While I was studying in Paris, the mother of one of the French Jesuits told her son to bring all the foreigners for “a proper French meal” one Sunday. I should have known that something extraordinary was going to happen when we were instructed to be at the house by 10:30a.m. for lunch.
We sat down, truth to be told, to more courses than I can now remember. Suffice it to say that we were at table until after 4:00p.m. It was a gastronomic tour de force with oysters, crab, lobsters and other seafood, charcuterie, salads and several other succulent dishes. The main course was coq au vin – chicken cooked in wine – and I learned that this is an expensive dish if prepared properly because the wine used to marinate the chicken should be the same as that served with that course.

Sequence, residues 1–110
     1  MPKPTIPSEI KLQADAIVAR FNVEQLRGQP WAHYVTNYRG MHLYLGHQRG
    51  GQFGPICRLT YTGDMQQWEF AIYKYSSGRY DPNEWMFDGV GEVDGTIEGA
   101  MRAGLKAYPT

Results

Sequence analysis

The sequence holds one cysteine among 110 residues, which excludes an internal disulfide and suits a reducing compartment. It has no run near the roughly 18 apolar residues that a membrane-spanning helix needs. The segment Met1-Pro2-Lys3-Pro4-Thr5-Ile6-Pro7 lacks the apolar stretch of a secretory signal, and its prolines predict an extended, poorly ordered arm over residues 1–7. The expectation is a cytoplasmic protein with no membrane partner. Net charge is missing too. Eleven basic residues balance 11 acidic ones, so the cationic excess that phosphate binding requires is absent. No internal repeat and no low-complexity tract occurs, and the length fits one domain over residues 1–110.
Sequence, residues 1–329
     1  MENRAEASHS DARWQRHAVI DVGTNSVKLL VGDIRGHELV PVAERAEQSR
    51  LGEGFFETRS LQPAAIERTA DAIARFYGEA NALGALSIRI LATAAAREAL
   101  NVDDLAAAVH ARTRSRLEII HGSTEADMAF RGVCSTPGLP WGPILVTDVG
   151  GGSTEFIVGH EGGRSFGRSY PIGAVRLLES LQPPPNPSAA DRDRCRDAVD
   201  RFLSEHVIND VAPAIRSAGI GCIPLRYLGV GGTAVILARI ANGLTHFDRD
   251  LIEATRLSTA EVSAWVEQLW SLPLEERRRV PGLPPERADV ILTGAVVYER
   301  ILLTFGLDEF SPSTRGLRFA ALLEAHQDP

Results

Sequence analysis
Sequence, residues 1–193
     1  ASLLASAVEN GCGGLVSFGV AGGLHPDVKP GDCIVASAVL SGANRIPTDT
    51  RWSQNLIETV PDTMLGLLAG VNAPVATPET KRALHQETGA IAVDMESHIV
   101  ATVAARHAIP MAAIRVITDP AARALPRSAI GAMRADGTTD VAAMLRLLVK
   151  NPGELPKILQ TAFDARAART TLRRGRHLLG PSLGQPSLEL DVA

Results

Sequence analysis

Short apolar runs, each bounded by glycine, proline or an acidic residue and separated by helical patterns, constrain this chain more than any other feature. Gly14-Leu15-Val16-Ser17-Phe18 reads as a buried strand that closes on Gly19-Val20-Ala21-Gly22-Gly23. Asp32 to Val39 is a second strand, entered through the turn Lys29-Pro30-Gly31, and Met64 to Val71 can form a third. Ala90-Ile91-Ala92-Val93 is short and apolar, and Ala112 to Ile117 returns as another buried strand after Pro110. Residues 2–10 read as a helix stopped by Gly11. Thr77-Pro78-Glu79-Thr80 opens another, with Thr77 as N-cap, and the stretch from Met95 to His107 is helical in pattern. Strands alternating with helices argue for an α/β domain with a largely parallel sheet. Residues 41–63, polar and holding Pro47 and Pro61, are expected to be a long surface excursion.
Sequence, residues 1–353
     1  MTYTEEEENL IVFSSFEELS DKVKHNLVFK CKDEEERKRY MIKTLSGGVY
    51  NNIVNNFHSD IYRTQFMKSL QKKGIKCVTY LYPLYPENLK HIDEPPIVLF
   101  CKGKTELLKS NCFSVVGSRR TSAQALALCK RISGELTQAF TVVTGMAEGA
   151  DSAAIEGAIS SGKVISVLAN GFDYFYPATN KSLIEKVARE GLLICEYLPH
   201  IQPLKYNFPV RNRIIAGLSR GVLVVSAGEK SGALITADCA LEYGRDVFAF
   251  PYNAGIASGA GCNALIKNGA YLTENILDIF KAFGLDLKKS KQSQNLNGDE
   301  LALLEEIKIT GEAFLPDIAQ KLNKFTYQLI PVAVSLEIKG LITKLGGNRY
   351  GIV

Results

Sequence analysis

We weren’t only drinking wine. In order “to make room” for all the food, our hostess regularly plied us with le trou normand – literally, “the Normandy hole” – which consisted of shots of iced vodka. I remember taking several of those…
It will come as no surprise, then, that I don’t recall any of what must have been the excellent desserts or the ride home in the subway afterward! What I do recall is that when I got back to the Jesuit Residence on the rue Blomet, I decided to go to bed for a little rest… I woke up 18 hours later.
Now that’s what I call a lunch!